As CNBC's personal finance correspondent and senior commodities correspondent, Sharon Epperson reports on personal finance for the network and also covers the global energy, metals and commodities markets from the floor of the New York Mercantile Exchange.
In addition to reporting for CNBC and CNBC.com, Epperson is a regular contributor on NBC's "Today" and Today.com and appears frequently on NBC Nightly News, MSNBC and NBC affiliates nationwide. She also frequently reports for Public Television's "Nightly Business Report," which is now produced by CNBC.
Her book, The Big Payoff: 8 Steps Couples Can Take to Make the Most of Their Money—and Live Richly Ever After, was a finalist for the Books for a Better Life Awards, honoring works that have "changed the lives of millions." She also was a contributing writer for The Experts' Guide to Doing Things Faster.
Epperson's personal finance expertise has been featured in numerous publications, including USA Weekend, The Wall Street Journal, The Washington Post, The Boston Globe, Self, Essence, Ebony and Time, where she had covered business, culture, social issues and health as a correspondent prior to joining CNBC.
She is committed to improving financial literacy, particularly in underserved communities. She has been invited to the White House to speak about financial literacy and to moderate a public meeting of the President's Advisory Council on Financial Capability at the U.S. Treasury Department. She also speaks frequently at conferences and events for local and national organizations, colleges and universities about many facets of personal finance.
Epperson is the winner of the Alliance for Women in Media's 2014 Gracie Award for Outstanding Online Host for her "Financial Advisor Playbook" video series on CNBC.com. She has received the Vanguard Award for her distinguished career in business and personal finance reporting from the National Urban League Guild, and the All-Star Award from the Association of Women in Communications. She also has won awards from the New York Festivals, the New York Association of Black Journalists and the National Association of Black Journalists.
An adjunct professor at Columbia University's School of International Public Affairs for more than a decade, Epperson enjoys teaching the importance of budgeting and building long-term savings as part of her course on professional development for graduate students interested in media careers.
Epperson received her bachelor's in sociology and government from Harvard University, and a master's of international affairs degree from Columbia University. A Pittsburgh native, Epperson lives with her husband and two children in Westchester County, N.Y.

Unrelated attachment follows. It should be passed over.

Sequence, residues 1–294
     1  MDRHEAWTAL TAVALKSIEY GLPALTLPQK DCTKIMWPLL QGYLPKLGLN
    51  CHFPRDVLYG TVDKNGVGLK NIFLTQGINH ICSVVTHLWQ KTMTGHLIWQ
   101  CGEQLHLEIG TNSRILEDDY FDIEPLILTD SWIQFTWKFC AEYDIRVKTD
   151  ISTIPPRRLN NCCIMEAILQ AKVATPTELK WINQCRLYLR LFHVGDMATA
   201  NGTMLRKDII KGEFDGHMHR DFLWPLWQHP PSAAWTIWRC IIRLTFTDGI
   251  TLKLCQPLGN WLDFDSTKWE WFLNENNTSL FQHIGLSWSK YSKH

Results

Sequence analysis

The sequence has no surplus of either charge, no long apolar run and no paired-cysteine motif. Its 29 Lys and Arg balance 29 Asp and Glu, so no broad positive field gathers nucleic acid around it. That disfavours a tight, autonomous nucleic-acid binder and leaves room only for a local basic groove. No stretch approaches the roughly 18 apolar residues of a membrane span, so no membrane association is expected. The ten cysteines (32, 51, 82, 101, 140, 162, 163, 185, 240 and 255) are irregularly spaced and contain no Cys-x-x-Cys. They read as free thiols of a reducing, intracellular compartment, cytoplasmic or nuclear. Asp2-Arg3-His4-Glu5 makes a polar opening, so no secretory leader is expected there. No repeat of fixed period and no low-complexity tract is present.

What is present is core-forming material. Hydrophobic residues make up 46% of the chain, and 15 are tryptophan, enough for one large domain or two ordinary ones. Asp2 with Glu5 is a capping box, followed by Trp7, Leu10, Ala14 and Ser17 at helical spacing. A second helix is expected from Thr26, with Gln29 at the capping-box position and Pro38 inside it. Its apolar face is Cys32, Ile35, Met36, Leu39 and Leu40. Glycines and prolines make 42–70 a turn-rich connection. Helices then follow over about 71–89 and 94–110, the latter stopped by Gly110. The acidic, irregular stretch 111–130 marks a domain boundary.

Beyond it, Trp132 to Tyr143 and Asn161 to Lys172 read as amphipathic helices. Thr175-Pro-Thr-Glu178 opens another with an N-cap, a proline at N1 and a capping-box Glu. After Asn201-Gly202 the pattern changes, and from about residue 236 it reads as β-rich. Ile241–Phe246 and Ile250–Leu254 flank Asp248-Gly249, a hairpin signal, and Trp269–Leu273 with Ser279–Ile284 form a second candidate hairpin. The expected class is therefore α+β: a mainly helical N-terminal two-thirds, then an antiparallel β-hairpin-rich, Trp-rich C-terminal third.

I've been asked to talk about gas prices a lot lately. The outlook is a bit disturbing and has many folks trying to figure out ways to bike, hike, walk or run--anything but drive--to their destinations.
Natural gas futures are the strongest part of the energy complex again today. Despite oil prices hitting new highs on a daily basis, gains in natural gas futures are nearly double crude so far this year.
"It's like a comet that just keeps soaring" is how one floor trader described oil's historic rise to nearly touch $114 a barrel for the first time ever this morning. Energy futures on both sides of the Atlantic hit new records on some serious supply concerns and surging overseas demand.
It's nearly 75 degrees in New York today, the sun is shining and it certainly feels like spring is here. Yet, heating oil prices at the NYMEX continue to set new records , climbing past $3.32 a gallon this morning, and settling at $3.19.
With oil prices topping $112/barrel and some analysts predicting the next stop to be $120, will OPEC finally step in and add crude to the market to tame prices? I doubt it will happen.
We have a guest blogger today. Tom Kloza is Chief Oil Analyst at OPIS (Oil Price Information Service) and has his own blog. Tom has been writing about downstream oil markets since 1975 and was among the founders of OPIS over 25 years ago. We appreciate his posting today.
CNBC viewers have been glued to the Senate Banking Committee's hearing on Bear Stearns all day (unless you turned the channel and as loyal viewers you'd never do that right?). Meanwhile there's been another feisty hearing underway on Capitol Hill as the Senate Energy and Natural Resources Committee tries to examine the impact of "speculative" investors on the price of oil.
This morning traders on the NYMEX floor were buzzing about the oil plunge under $100 a barrel, perhaps marking the bursting of the commodities bubble. After all, the U.S.dollar index had popped over 1 percent, as the dollar rallies sharply against the Euro and other currencies...
Investors who put their money in oil in the first quarter ended up putting their money in a winning asset class. It was certainly a good move considering--before today--oil futures were up 10 percent, while the broader S&P was down by that same amount. Even after today's remarkable $4 plunge, prices have posted a gain of nearly 6 percent this quarter.